Virtuous Hackers: developing ethical sensitivity in a community of practice
AbstractIt is estimated that losses due to computer break-ins by malicious 'crackers' (who might be external intruders or disgruntled employees intent on personal gain or revenge) are costing companies billions of dollars each year. But former hackers are now assisting the computer security industry to track down such intruders, and to develop sound security practices in order to ward off future attacks. It is argued that in recent times computer programming has moved from a craft-based, bricolage activity to a scientific approach which has led to a knowledge gap developing between the former fraternity of hackers and the computer security industry. The current inadequacies of the security industry have made this co-operation with hackers necessary but problematic, that is, should hackers who have developed their unique skill by breaking into company and government systems now be used for the rightful purposes of strengthening computer security? However, this relationship might also suggest that the hacker ethos, which has developed through the membership of a 'community of practice', and which has as its cornerstone the moral custodianship of computers and the information they contain, may represent the best way of developing ethical practice in the computer industry.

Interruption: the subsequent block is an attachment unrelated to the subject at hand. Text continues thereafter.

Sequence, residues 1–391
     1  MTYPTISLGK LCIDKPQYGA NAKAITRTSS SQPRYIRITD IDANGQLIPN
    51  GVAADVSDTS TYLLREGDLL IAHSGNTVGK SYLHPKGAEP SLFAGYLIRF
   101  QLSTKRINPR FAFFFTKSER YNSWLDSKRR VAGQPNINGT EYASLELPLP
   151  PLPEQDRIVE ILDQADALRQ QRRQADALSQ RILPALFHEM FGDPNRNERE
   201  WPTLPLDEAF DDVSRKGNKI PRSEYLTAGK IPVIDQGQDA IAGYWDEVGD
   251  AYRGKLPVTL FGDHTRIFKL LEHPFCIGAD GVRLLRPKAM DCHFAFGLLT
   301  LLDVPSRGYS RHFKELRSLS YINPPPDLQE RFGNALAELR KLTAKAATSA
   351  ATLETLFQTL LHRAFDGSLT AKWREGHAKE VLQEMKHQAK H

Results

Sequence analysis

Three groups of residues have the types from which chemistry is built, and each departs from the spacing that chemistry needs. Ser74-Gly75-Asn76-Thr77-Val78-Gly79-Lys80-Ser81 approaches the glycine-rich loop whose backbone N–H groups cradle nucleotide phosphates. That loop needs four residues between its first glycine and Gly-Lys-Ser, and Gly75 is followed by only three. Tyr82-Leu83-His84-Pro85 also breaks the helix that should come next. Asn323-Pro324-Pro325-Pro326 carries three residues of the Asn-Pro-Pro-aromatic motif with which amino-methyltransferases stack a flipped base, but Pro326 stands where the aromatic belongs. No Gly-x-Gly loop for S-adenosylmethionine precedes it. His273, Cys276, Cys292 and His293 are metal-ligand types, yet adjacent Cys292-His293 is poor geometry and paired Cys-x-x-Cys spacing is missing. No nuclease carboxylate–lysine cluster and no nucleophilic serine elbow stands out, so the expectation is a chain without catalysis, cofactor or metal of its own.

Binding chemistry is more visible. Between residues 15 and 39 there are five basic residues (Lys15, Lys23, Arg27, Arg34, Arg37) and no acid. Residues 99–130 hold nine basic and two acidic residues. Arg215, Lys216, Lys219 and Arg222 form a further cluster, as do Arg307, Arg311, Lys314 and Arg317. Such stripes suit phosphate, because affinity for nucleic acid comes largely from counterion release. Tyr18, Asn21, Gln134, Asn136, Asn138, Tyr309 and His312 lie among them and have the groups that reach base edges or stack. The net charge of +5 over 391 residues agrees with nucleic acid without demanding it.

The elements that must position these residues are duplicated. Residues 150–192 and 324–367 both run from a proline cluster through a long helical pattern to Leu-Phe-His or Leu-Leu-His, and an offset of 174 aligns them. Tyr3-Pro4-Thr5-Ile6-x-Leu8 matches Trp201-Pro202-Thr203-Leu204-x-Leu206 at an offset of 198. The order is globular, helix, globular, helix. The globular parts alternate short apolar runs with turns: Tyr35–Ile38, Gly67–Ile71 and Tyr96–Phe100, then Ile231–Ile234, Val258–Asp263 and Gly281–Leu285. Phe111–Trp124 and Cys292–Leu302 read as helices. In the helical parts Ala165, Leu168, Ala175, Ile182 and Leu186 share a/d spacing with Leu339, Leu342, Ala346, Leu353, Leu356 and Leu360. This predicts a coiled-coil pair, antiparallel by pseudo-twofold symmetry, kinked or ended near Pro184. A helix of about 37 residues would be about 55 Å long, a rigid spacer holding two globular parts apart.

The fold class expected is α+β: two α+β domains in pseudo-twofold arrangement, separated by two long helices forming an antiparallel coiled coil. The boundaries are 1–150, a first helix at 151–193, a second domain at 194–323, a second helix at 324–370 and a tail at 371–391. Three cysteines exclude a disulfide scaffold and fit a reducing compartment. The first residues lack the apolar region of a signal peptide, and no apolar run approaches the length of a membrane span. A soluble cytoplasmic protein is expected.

Copyright (c) 1969 Paula Roberts, Jenny Webber
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